My favorite is really The Rome Statute. The Rome Statute is a treaty which established international criminal court and designated certain really awful actions as international crimes, things like genocide. It has nothing to do with privacy or intellectual property rights.

International intellectual property rights can be governed by the Berne Convention. The Rome Statute, albeit official sounding, is more applicable to when you procrastinate and your fingers “roam” to Facebook. But, seriously, it does not apply to Facebook.

Facebook one day at some point in time might change their Terms of Use to include unlimited rights and access to everything you put on their service, but today or recently is not the day. You can be sure that if that ever happens it will be all over the news feeds from more official sources like NPR, the Associated Press and every major news outlet. You will not have to wonder about an obscure “Channel 13” that is referenced. The good attorneys at Facebook too would try and preliminarily do some damage control by giving every user ample time to readjust and remove anything before it becomes up for grabs.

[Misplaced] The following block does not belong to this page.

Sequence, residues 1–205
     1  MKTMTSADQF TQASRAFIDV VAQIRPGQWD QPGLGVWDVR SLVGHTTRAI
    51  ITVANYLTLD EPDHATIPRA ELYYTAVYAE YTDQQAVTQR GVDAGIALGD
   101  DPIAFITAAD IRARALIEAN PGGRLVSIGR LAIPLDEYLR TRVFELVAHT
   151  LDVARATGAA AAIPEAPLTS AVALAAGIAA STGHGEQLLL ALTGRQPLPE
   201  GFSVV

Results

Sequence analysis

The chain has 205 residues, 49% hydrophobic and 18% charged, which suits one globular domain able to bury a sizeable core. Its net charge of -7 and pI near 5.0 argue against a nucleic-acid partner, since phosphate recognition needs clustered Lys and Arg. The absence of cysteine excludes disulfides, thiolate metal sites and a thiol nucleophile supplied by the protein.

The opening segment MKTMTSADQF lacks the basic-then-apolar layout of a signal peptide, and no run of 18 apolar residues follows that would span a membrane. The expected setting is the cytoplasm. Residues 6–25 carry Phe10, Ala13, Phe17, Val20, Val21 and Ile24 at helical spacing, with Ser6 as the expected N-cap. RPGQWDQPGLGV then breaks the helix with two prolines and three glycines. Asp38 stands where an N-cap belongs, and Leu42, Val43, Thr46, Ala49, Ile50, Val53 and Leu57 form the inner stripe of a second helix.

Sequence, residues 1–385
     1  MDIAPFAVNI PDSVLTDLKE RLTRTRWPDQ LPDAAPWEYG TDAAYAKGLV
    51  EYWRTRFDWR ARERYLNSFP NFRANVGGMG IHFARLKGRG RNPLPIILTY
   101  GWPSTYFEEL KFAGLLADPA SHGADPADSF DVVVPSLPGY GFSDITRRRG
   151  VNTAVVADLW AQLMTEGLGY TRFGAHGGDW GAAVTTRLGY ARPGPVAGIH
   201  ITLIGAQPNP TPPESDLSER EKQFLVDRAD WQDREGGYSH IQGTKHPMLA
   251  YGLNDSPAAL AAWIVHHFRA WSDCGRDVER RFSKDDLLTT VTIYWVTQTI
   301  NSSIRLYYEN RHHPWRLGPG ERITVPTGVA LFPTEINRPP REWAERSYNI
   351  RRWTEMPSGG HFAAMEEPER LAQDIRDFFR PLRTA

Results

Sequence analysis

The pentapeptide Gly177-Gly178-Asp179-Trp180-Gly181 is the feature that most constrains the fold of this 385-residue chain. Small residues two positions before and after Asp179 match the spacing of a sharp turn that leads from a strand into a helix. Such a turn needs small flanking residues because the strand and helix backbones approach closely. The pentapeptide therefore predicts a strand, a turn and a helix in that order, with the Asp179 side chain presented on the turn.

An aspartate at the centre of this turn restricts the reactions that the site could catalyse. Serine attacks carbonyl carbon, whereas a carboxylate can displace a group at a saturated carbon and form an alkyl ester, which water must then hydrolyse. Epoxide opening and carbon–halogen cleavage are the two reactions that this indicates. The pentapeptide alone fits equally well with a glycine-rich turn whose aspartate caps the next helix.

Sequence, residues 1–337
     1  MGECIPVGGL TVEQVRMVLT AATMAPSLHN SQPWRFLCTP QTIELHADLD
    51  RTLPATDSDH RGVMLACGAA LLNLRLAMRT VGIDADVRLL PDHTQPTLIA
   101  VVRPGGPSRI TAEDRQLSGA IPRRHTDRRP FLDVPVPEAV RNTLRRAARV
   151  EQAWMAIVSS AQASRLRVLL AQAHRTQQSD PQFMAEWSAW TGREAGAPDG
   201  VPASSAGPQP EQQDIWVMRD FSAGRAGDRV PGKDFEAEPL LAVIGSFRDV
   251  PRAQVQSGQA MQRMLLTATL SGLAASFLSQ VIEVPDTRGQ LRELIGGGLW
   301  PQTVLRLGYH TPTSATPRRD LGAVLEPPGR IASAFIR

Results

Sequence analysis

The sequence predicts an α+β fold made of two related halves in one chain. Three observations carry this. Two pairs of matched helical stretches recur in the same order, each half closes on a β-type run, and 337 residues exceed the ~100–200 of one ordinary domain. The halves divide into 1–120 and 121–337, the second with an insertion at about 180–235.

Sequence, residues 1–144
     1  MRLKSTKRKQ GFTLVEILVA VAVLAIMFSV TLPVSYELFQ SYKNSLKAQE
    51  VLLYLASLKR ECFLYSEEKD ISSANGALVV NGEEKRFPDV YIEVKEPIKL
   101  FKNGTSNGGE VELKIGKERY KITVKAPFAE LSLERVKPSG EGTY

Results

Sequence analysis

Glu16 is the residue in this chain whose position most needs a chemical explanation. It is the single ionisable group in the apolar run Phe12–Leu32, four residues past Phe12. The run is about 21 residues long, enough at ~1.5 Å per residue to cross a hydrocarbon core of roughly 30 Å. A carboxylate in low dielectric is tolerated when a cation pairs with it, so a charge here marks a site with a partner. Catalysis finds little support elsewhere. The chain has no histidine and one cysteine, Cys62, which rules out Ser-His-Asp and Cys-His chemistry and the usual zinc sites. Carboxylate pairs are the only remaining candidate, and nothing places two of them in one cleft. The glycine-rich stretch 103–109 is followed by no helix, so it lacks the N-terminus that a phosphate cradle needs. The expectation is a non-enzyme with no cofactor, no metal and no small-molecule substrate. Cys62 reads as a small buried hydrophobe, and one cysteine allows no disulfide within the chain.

You can post a status, paint yourself purple, stand in the street singing “The Sun Will Come Out Tomorrow,” but it will not change Facebook’s Terms of Use or what you agreed to by using their free service. By posting the status all you are announcing to your Facebook friends is that you fell for an online hoax. Let’s all resolve to give up this trend. Oh, and if it resurfaces, be sure to share this blog post.

While this blog is subject to copyright protection, help out your friends on social media.  Please share, re-blog and re-post this entry.  Happy New Year! Take part in the Comments section below and Stay Tuned In!

If you liked this post, please share it and click the FREE Subscription button above to get more! Follow and tweet to me on Twitter where I pass along the latest entertainment law, broadcasting and intellectual property news @RyanneDSaucier

7 thoughts on “A Facebook New Year’s Resolution

  1. RyAnne

    Thanks for the post. You have done a great service to let folks know of these policies.

    Warm regards.

    Jim Rosenblatt Dean *Emeritus* and Professor of Law Mississippi College School of Law (MC Law) “Let Justice Roll”

  2. Nice analysis of the limited license we grant FB. I’ve often wondered why we don’t charge FB for its use of our content..haha! So far, I’ve only had 1 FB friend post the resolution. Maybe I need more friends:) Happy New Year Ryanne!

  3. Pingback: Entertainment and Intellectual Property Law for 2015, So Far … | Statute of RyAnne